kk

Don’t try to teach a turtle tricks

I got Smokey at Woolworths.

Woolworths was an awesome department store downtown, across from Hayhoe’s Plumbing, and it’s where I spent my allowance on the first 45 record (look it up, kids!) I ever bought: Love Me Do by The Beatles.

I can still see that cool orange and yellow Capital Records logo swirling around on my sister’s suitcase record player.

Also, I loved to go to Woolworths on account of they had those tubes that started at the tills and ran up to the ceiling, and all the way across the huge store and into another room.

The cashiers would load a bunch of cash in a small cylinder and shove it in the tube, and whoosh, it would be sucked up into the tube and be blasted next door, where presumably a gang of accountants with green visors would be hunched around a table counting the moola.

So that was a bonus. I always wanted to put something in that tube – you know, a tomato or a small animal, and run to the other end, but for some reason, I never got the chance.

But speaking of small animals, as I may have mentioned, Woolworths was where I got Smokey.

Smokey was a turtle, about the size of a tin of Altoids, and when you turned him over, his underside was a nice blue pattern. I named him after my cousin (Smokey), though to this day, I’m not sure why.

If you don’t count goldfish and my dog Bim, that turtle was my first very-own pet.

Smokey didn’t do much, and he did it very slowly, but I liked him a lot, and we had many good conversations. I even thought (briefly) about trying to train him to do tricks, but I soon gave that idea up when I couldn’t think of any tricks a turtle could do.

And speaking of trained animals, I noticed recently that a rat was awarded a medal. Awkward segue aside, I was fascinated to read that Magawa, an African giant pouched rat, just won Britain’s highest animal honour.

Magawa is a sniffer, and one of the best. He sniffs out explosives in Cambodia, where there are many dangerous land mines.

In fact, in four years, the reliable rat has found 67 items of unexploded ordinance, saving many lives.

Magawa is a big, honking rat, about half the size of a large cat. He and many other rats are trained to scurry along the field and stop and scratch the ground when they smell something explosive.

And I know what you’re thinking: how many rats do they go through in any given week of explosions? But here’s the thing: Magawa and the rest of the rats are not heavy enough to trigger the land mines.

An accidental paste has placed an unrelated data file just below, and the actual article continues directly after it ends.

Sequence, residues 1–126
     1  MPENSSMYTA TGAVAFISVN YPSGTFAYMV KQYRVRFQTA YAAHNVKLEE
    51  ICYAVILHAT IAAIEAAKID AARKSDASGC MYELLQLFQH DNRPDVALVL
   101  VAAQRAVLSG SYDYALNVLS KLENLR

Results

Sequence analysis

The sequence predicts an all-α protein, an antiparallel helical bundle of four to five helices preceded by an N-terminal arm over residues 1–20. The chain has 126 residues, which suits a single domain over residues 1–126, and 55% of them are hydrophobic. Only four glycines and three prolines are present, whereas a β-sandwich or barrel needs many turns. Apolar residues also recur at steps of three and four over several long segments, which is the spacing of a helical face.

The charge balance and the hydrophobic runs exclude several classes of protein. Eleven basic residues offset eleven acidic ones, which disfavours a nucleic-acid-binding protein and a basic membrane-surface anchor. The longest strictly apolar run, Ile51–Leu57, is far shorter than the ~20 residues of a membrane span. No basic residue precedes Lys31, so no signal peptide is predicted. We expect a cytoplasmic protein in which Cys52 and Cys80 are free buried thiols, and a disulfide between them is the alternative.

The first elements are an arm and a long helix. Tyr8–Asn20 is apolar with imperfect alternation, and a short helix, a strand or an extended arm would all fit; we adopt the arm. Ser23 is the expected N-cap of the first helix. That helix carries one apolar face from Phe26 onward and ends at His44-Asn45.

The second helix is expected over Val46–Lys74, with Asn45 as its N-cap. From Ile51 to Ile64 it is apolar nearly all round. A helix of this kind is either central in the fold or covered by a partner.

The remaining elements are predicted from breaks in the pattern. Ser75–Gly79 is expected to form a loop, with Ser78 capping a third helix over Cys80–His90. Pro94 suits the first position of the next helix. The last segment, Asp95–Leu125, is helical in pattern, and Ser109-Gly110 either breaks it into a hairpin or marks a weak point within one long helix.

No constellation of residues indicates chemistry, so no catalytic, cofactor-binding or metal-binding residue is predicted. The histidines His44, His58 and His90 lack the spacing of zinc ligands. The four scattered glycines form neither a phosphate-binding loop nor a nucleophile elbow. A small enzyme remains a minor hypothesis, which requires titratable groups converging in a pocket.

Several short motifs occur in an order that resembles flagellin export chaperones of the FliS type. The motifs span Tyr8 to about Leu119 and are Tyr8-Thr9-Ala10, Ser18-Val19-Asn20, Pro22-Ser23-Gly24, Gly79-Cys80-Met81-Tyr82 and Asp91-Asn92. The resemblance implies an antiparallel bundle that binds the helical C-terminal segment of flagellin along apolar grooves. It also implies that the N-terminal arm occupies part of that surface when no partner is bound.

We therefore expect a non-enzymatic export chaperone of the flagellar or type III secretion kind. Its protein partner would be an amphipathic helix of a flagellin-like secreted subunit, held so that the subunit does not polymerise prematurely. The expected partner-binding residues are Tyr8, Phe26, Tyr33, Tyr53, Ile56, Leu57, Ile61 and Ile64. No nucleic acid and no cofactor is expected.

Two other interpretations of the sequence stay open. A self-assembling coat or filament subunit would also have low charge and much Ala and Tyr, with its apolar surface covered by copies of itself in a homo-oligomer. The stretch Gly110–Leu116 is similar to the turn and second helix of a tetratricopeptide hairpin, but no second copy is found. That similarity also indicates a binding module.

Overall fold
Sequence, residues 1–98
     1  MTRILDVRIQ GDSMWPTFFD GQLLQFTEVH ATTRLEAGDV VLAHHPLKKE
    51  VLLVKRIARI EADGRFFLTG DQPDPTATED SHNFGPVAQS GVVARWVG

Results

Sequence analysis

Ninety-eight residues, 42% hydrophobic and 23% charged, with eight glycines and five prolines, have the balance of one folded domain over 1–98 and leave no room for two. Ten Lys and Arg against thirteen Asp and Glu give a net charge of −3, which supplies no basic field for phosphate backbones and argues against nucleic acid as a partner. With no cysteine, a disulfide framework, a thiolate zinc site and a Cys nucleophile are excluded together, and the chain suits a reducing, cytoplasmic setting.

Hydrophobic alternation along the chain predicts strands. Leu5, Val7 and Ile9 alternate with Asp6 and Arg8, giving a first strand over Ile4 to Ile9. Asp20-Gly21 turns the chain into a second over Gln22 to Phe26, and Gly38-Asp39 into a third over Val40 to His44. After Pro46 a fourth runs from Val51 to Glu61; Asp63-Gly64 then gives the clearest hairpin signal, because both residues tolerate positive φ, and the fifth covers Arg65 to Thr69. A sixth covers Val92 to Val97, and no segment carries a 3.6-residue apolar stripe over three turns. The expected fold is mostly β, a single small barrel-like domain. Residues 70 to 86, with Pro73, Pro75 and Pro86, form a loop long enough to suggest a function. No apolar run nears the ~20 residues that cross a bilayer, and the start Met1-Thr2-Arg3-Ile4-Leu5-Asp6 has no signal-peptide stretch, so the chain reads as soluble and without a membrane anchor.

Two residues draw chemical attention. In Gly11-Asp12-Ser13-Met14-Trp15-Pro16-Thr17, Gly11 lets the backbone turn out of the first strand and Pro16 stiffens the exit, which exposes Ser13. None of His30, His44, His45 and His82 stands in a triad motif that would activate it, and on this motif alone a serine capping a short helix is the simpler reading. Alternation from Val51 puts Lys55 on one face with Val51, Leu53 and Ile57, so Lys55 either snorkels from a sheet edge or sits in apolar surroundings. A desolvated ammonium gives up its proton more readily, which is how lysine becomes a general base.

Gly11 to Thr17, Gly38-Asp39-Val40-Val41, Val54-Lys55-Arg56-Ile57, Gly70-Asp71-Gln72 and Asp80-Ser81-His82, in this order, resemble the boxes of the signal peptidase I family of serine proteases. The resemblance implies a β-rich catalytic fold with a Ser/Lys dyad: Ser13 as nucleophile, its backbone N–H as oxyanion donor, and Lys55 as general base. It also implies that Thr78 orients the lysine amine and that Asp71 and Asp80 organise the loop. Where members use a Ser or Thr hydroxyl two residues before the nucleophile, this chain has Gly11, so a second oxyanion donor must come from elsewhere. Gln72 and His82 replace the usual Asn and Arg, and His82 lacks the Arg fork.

And he works for peanuts. Well, actually, he works for bananas. That’s his special treat.

And now Magawa the Hero Rat proudly wears a shiny little medal on his bomb-sniffing harness.

All of which reminded me of Smokey.

I’m not sure why a bomb-sniffing rat reminded me of my pet turtle, except maybe the dubious notion of training other animals (like turtles, for example) to detect land mines. Or drugs. Or smuggled bananas, for example.

Dogs do it all the time; cats are much too precious to bother doing something honourable. But new research shows that fruit flies, of all things, have the ability to detect bombs and drugs.

And I didn’t even think that fruit flies had noses.

As for Smokey, turtles, at least small ones from department stores, don’t live very long.

I personally buried him out in our backyard in Parkvale; in the perfect place, safe and sound from sniffing animals.

Harley Hay is a Red Deer author and filmmaker.

Get local stories you won't find anywhere else right to your inbox.
Sign up here

Just Posted

A vial of the Medicago vaccine sits on a surface. CARe Clinic, located in Red Deer, has been selected to participate in the third phase of vaccine study. (Photo courtesy www.medicago.com)
Red Deer clinical research centre participating in plant-based COVID-19 vaccine trial

A Red Deer research centre has been selected to participate in the… Continue reading

Asymptomatic testing will now be available for "priority groups" who are most likely to spread the COVID-19 virus to vulnerable or at-risk populations. File photo by THE CANADIAN PRESS
Red Deer jumps to 449 active COVID-19 cases on Sunday

1,516 new cases identified in Alberta

The QEII was closed Sunday morning due to a pole fire. (Photo courtesy City of Red Deer)